Manga meets Magpie

I like to consider myself part of the “Y” generation. I use hair product (when told to), can work my way around a Blackberry (if I have to), lose disgracefully at tennis on a Wii Box, am armed to the teeth with all the pre-requisite links and tags of Twitter, Facebook, Linked-In, etc., and would even wear pink shirts on funky Fridays at the office if not for the fact that I wear t-shirts most of the time anyway.

There I was thinking that I had all the tools to qualify as part of the “cool gang” of Internet-using Gen-Y hot shots, and then about fifteen minutes ago I found out about Manga comics….

These little, sometimes violently explicit magazines have an estimated readership in Korea, Japan, France and China that runs into the tens of millions PER WEEK. Being the supposed Internet-head I purport to be (hell, I even run an Internet company), I “Googled” it and there it was for all to see….

mangaAmongst the various Manga comic writers, there are two siblings—Yuko and Shin Kibayashi—who write under the pseudonym Tadashi Agi. It seems their particular claim to fame in the Manga community is to weave stories around wine-related issues. They started with French wine and recently turned their attention to Australian wine as well.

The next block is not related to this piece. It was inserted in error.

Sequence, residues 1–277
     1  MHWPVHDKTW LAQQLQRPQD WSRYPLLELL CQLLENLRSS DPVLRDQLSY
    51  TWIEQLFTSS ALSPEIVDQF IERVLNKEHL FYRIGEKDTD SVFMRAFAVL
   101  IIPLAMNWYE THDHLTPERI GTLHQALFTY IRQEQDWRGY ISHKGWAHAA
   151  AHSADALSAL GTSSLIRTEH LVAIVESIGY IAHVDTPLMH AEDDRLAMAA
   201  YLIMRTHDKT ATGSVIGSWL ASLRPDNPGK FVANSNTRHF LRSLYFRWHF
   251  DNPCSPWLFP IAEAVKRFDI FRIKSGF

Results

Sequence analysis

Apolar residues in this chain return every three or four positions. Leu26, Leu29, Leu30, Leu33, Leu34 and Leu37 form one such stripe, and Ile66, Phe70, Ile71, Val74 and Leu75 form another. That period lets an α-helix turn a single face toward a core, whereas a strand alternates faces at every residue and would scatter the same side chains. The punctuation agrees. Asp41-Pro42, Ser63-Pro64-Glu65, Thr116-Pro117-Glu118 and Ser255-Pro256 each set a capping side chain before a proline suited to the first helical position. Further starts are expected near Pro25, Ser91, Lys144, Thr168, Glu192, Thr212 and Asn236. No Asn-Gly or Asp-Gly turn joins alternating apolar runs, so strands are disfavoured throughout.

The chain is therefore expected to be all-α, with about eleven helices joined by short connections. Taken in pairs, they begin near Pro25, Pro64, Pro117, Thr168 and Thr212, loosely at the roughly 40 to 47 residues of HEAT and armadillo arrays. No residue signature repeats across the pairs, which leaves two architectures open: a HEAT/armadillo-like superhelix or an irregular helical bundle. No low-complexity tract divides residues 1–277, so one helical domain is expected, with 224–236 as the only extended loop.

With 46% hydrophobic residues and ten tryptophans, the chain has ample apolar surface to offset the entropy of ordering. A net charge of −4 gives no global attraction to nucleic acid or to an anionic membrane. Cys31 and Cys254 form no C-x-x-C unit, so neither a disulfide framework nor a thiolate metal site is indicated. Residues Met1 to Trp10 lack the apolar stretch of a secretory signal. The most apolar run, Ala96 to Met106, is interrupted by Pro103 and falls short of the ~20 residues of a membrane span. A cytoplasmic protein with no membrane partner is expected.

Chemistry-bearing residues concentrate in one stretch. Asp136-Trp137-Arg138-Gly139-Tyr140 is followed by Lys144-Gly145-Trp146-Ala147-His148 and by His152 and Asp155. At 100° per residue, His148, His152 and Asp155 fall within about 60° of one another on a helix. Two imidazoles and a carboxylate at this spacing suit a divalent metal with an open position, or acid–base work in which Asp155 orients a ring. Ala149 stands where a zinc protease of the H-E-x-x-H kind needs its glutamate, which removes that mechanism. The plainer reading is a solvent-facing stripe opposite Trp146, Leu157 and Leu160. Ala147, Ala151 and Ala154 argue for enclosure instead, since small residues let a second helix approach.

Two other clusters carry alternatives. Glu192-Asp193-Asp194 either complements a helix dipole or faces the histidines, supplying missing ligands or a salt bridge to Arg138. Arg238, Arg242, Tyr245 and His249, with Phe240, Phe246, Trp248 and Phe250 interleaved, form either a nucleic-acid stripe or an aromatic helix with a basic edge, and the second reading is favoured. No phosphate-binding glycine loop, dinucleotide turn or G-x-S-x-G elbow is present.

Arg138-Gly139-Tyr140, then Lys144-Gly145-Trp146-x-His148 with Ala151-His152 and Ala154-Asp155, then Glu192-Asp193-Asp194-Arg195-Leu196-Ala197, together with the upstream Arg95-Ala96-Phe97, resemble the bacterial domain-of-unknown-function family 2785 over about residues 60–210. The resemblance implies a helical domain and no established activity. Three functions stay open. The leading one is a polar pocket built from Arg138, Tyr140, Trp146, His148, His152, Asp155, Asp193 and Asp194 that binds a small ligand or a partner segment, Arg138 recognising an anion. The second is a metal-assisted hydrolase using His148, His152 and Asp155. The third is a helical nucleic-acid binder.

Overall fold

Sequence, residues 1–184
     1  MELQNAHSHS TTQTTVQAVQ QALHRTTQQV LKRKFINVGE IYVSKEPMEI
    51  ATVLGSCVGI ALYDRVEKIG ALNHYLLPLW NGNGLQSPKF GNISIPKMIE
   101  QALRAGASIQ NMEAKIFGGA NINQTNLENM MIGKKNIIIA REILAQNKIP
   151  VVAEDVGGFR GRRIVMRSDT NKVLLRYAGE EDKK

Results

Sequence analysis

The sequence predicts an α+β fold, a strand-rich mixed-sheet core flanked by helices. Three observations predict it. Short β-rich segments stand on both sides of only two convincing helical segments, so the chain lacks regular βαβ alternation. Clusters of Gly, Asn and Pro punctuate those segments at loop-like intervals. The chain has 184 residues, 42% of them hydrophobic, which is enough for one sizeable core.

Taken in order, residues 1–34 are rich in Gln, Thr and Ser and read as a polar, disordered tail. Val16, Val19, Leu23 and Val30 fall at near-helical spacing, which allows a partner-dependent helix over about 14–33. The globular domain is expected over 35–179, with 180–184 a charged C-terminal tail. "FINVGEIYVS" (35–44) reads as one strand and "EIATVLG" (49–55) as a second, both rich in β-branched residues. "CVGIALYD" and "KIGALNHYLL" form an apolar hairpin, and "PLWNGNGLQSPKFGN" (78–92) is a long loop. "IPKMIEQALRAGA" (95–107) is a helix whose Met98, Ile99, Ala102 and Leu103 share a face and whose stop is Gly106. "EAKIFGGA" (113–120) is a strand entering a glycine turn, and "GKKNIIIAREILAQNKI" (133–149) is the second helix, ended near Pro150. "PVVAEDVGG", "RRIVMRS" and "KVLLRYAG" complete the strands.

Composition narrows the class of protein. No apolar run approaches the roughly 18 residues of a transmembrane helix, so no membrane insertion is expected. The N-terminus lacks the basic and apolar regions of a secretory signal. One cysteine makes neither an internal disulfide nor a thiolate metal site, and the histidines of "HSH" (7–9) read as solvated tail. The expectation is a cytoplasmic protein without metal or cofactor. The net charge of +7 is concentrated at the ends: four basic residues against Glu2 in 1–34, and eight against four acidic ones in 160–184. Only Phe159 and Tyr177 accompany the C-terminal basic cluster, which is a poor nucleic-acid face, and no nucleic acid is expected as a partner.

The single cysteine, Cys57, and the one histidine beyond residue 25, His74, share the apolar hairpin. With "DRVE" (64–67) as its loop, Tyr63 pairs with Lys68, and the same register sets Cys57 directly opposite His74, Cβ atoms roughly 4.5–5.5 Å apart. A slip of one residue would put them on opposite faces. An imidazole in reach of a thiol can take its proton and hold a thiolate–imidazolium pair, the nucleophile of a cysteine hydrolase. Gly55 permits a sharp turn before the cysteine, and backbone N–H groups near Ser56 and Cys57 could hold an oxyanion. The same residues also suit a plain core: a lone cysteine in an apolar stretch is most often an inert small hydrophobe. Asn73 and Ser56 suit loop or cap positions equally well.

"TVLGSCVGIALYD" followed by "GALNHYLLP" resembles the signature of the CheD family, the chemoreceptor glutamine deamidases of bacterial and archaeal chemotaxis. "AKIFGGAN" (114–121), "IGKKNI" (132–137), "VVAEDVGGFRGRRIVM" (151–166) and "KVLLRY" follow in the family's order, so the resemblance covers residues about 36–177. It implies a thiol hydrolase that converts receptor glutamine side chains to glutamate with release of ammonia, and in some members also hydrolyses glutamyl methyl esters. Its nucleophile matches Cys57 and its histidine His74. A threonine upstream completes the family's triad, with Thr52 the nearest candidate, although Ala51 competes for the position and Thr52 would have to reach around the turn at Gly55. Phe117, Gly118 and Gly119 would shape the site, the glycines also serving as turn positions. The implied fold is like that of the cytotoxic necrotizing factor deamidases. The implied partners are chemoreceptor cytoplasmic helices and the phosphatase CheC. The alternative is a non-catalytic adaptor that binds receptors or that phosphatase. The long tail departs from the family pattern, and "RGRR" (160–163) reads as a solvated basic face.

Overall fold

Forgive me for paraphrasing what is evidently an epic series, but it all comes down to two dudes being pitted against each other to find the 12 greatest wines in existence, called the “12 Drops of God.” Thankfully for d’Arenberg, The Laughing Magpie is one of them.

So powerful was the marketing force of this particular episode where the wine is described, that every single drop was sold out in Japan within days. Rumour has it that the winery brought forward the release of the next vintage to try to satisfy the Manga-fueled mania of demand for the wine.

This is (roughly translated) is how Tadashi Agi describes the d’Arenberg Laughing Magpie:

 “It’s spicy and overflowing with energetic life. It’s both exotic and made for normal people at the same time. This shiraz is really very good. I didn’t expect much from a wine under a screw cap.” (Ref: The Age, Sept. 9, 2009)

With all the due respect and humility to the wine critics of the world, no writer could put it better and in a more maddeningly Zen Japanese way. The stuff is good, simple and full of the joy of life.

A classic blend of Shiraz and Viognier, this wine does the trick every time for me—year after year, and the price speaks for itself. It is jam-packed with good rich fruit and the dab of Viognier gives it a sexy perfumed lift the same way that a glass of bubbles does at the beginning of every great night out.

— Robert Rees runs the ANZA Wine Club (Singapore) as well as